AWS SageMaker Tutorial: Part 5

Intro

In this post we will use SageMaker to create a neural network with the goal of predicting health insurance costs. The inputs of our model are:

  • Age
  • Gender
  • BMI
  • Number of Children
  • Smoking Habit
  • Location (Region)

Data Source: Kaggle: Insurance

Dependencies

!pip install tensorflow
import tensorflow as tf
from tensorflow import keras
from tensorflow.keras.layers import Dense, Activation, Dropout, BatchNormalization
from tensorflow.keras.optimizers import Adam

Keras is a deep learning API written in Python, running on top of the machine learning platform TensorFlow. It was developed with a focus on enabling fast experimentation. Being able to go from idea to result as fast as possible is key to doing good research.

Define Network Stack

📘 Keras: Sequential Model

📘 Keras: Dense Layer

📘 Keras: Activation Functions

# optimizer = Adam()
ANN_model = keras.Sequential()
ANN_model.add(Dense(50, input_dim = 8))
ANN_model.add(Activation('relu'))
ANN_model.add(Dense(150))
ANN_model.add(Activation('relu'))
ANN_model.add(Dropout(0.5))
ANN_model.add(Dense(150))
ANN_model.add(Activation('relu'))
ANN_model.add(Dropout(0.5))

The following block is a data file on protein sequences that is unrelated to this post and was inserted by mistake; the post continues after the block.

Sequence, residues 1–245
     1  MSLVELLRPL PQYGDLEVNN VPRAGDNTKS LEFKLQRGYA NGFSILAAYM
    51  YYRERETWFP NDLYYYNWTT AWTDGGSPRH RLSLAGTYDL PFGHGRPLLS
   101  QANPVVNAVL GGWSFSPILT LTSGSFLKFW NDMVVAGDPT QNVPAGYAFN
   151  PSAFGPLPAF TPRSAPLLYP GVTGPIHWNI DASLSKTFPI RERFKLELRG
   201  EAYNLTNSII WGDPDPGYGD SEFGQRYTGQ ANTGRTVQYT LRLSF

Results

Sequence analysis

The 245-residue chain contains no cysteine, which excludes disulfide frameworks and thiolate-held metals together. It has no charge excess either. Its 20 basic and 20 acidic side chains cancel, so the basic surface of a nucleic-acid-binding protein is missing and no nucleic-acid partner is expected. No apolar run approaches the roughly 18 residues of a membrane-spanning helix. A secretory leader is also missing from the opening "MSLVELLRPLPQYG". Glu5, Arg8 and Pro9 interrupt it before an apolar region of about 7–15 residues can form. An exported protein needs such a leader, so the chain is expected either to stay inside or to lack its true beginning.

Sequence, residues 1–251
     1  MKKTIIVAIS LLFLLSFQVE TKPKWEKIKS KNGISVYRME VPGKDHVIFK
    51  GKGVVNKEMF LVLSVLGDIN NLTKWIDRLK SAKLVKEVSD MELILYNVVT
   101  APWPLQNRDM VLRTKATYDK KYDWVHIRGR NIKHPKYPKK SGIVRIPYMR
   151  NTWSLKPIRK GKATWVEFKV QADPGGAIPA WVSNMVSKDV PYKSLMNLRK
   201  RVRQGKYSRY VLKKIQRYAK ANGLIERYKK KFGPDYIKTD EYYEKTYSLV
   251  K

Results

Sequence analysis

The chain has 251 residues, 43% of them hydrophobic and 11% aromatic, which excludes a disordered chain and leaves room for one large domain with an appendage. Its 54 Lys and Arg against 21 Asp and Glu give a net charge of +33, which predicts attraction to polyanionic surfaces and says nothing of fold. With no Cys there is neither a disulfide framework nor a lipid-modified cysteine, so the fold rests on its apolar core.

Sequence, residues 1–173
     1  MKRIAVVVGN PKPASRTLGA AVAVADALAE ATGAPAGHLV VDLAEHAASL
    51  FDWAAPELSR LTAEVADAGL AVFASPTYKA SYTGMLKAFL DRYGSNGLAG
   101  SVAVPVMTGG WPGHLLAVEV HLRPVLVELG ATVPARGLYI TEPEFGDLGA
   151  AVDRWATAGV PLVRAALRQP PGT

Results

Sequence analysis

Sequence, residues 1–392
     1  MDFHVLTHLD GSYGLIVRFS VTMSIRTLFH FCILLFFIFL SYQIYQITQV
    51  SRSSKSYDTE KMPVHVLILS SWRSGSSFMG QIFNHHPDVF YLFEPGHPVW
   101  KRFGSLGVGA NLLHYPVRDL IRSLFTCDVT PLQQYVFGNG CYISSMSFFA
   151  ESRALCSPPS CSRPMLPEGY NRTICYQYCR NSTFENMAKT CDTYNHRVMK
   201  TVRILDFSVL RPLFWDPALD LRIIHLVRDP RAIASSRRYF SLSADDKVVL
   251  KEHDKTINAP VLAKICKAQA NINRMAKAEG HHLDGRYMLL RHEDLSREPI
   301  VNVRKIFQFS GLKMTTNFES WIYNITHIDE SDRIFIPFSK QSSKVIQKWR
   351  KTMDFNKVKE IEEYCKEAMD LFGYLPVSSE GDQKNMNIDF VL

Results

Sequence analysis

ANN_model.add(Dense(50))
ANN_model.add(Activation('linear'))
ANN_model.add(Dense(1))
ANN_model.compile(loss = 'mse', optimizer = 'adam')
ANN_model.summary()
Model: "sequential"
_________________________________________________________________
Layer (type)                 Output Shape              Param #
=================================================================
dense (Dense)                (None, 50)                450
_________________________________________________________________
activation (Activation)      (None, 50)                0
_________________________________________________________________
dense_1 (Dense)              (None, 150)               7650
_________________________________________________________________
activation_1 (Activation)    (None, 150)               0
_________________________________________________________________
dropout (Dropout)            (None, 150)               0
_________________________________________________________________
dense_2 (Dense)              (None, 150)               22650
_________________________________________________________________
activation_2 (Activation)    (None, 150)               0
_________________________________________________________________
dropout_1 (Dropout)          (None, 150)               0
_________________________________________________________________
dense_3 (Dense)              (None, 50)                7550
_________________________________________________________________
activation_3 (Activation)    (None, 50)                0
_________________________________________________________________
dense_4 (Dense)              (None, 1)                 51
=================================================================
Total params: 38,351
Trainable params: 38,351
Non-trainable params: 0
_________________________________________________________________

Run the Model